Oracle Pitches Range of New Products at Annual User Conference Keynote
Oracle executives touted the benefits of their existing product lines, promoted some new offerings and pushed the benefits of the company's make-the-hardware-and-the-software-that-runs-it strategy at its annual OpenWorld user conference, underway this week in San Francisco.
Oracle CEO Larry Ellison kicked off the event Monday evening with a rapid-fire pitch before a standing-room-only crowd of conference attendees jammed into the Moscone Center. He echoed the conference theme: "Hardware and Software: Engineered to Work together," and defended his company's decision to add Sun Microsystems SPARC servers to its list of products.
"A lot of people said we were going to get out of the hardware business when we bought Sun," Ellison said. "But I guess we didn't get the memo."
Ellison pointed to the success of Apple's approach in the consumer IT space of designing hardware, software and online services that work well together, and said that Oracle is replicating that approach for its enterprise customers.
"If you design the hardware and software in concert, you do a better job than if one company designs the operating system, another comes up with the VM, another comes up with the database," Ellison said.
Ellison pounded the performance advantages of the parallel execution capabilities of Oracle's Exadata and Exalogic systems and Sun SPARC T4 servers. And he machine-gunned his audience with statistics, comparing his company's machines (unfavorably) with products from IBM and HP.
"How do we make this thing go ten times faster?" Ellison asked. "Parallel everything... Lots and lots of parallel network connections moving enormous amounts of data in parallel."
"We're determined to deliver best-of-breed in every aspect of our computing architecture," Ellison said. "We're in the business of catching up in the microprocessor business. If we don't pass [IBM and HP], we'll be very, very close. If our microprocessor is the same speed and we move data a hundred times faster than they do, I like our chances in the marketplace."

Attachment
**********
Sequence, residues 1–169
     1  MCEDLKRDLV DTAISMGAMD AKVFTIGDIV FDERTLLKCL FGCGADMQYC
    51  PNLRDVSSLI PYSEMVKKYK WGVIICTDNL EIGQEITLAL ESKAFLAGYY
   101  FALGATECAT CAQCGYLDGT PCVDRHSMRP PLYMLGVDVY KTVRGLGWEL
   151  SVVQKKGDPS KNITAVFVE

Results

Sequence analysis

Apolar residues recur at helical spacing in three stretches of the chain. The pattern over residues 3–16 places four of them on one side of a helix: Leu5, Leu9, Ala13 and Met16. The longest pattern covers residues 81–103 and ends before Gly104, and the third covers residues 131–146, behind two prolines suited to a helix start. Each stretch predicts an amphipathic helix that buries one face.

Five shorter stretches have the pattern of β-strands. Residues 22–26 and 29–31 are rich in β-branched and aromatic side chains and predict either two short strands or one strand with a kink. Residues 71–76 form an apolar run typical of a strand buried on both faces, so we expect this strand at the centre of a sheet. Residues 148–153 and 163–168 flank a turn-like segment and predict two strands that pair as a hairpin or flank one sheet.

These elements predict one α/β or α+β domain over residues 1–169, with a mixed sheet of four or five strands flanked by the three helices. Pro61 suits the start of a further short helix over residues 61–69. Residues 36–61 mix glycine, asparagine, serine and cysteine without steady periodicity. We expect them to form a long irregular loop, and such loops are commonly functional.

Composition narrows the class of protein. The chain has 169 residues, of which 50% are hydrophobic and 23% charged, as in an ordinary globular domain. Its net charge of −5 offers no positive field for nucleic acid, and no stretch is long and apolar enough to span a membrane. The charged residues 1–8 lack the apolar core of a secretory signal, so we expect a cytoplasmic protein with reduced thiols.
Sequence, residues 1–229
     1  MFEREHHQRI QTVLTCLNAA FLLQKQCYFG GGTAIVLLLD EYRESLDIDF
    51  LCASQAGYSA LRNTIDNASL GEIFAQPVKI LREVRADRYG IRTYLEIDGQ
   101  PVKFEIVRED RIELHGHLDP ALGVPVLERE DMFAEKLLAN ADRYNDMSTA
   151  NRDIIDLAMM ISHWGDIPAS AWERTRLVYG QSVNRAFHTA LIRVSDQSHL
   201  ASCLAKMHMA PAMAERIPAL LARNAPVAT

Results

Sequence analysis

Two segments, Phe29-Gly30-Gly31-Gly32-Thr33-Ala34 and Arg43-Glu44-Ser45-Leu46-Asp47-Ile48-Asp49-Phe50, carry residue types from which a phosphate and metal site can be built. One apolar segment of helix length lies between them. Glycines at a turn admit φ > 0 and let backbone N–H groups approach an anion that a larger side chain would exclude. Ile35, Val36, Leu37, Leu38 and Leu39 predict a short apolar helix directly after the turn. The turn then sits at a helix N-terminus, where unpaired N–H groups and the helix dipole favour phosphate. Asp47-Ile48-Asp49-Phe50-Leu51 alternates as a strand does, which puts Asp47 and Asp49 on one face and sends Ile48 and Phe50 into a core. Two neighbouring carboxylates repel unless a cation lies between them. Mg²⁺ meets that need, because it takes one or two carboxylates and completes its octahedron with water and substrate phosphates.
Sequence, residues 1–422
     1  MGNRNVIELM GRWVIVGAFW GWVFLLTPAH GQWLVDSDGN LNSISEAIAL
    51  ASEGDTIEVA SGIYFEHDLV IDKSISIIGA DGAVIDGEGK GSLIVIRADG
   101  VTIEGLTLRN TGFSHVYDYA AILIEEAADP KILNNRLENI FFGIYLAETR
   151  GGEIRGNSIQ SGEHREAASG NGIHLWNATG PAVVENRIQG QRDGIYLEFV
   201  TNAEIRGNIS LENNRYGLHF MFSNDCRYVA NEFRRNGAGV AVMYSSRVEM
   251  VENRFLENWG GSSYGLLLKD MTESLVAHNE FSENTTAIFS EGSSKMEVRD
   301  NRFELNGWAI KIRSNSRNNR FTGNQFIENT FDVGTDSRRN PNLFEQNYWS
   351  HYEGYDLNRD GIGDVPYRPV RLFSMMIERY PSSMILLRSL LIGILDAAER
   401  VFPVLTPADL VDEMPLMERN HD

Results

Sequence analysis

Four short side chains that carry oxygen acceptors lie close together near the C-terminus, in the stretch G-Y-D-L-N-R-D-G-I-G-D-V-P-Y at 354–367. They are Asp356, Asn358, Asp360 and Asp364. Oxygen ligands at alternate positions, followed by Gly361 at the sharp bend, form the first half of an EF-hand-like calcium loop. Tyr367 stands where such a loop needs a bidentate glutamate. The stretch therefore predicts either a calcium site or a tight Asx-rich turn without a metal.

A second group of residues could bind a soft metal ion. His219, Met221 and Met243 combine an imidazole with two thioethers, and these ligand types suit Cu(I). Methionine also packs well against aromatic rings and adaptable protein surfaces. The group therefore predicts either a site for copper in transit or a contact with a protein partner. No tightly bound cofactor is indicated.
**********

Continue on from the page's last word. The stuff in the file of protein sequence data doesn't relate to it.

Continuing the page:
Ellison also introduced a new product: the Exalytics Intelligence Machine, a hardware-plus-software business intelligence management appliance designed to handle relational, unstructured and multidimensional data. The Exalytics machine is powered by 40 Intel Xeon cores, has 1TB of main memory and uses a "heuristic adaptive in-memory cache" to deliver analysis "at the speed of thought," he said. The system will run Oracle's TimesTen and Essbase databases, which the company acquired in 2005 and 2007, respectively.
Ellison was introduced and brought to the stage by the San Francisco Giants baseball team's new CEO, Larry Baer, who presented the CEO with a World Series Ring.
Monday morning saw a number of Oracle executives taking the keynote stage, including Oracle's co-presidents Mark Hurd and Safra Catz, Oracle CMO Judith Sim and Oracle's EVP of product development Thomas Kurian.
Kurian introduced Oracle's Big Data Appliance, which combines the Apache Hadoop software framework for data-intensive distributed applications, the Oracle Data Integrator Application Adapter for Hadoop, the Oracle Loader for Hadoop, Oracle's version of the NoSQL DBMS and an open source distribution of the R programming language for statistical computing and graphics.
The company is also expected to offer the Oracle NoSQL Database, the Oracle Data Integrator Application Adapter for Hadoop, the Oracle Loader for Hadoop and Oracle's version of R as standalone products independent of the Big Data Appliance.
Kurian also unveiled Oracle Enterprise Manager 12c, the latest version of the company's system management toolset. He said it was the company's "biggest release in five years." He demoed the system and show how it can be used to manage and monitor Exadata installations.
Kurian also dug into the Exalogic app server appliance, describing its software bundle (the Exabus messaging system and Coherence in-memory data grid) as the product's "secret sauce."
EMC Corporation chairman and CEO Joe Tucci, and EMC president and COO of Information Infrastructure Products Pat Gelsinger, also delivered Monday morning keynotes. Tucci told attendees that the "cloud computing wave" would be destructive, but also full of opportunity. He cited an IDC study, which predicted that within a decade the world will be dealing with 35.2 zetabytes of data, while worldwide IT staffing will increase less than 50 percent. "IT," he said, should stand for "industry in transition."
"We believe the cloud answers this problem," said Tucci. "We're leading our customers on a journey to the hybrid cloud (public and private). I see a massive opportunity where cloud meets data."
Tucci also bragged about how his company's FAST (fully automated stored tiering) suite runs in mission-critical Oracle LTP environments. "We run EMC on Oracle databases internally," Tucci added. "And we're proud of it."
John K. Waters is the editor in chief of a number of Converge360.com sites, with a focus on high-end development, AI and future tech. He's been writing about cutting-edge technologies and culture of Silicon Valley for more than two decades, and he's written more than a dozen books. He also co-scripted the documentary film Silicon Valley: A 100 Year Renaissance, which aired on PBS. He can be reached at firstname.lastname@example.org.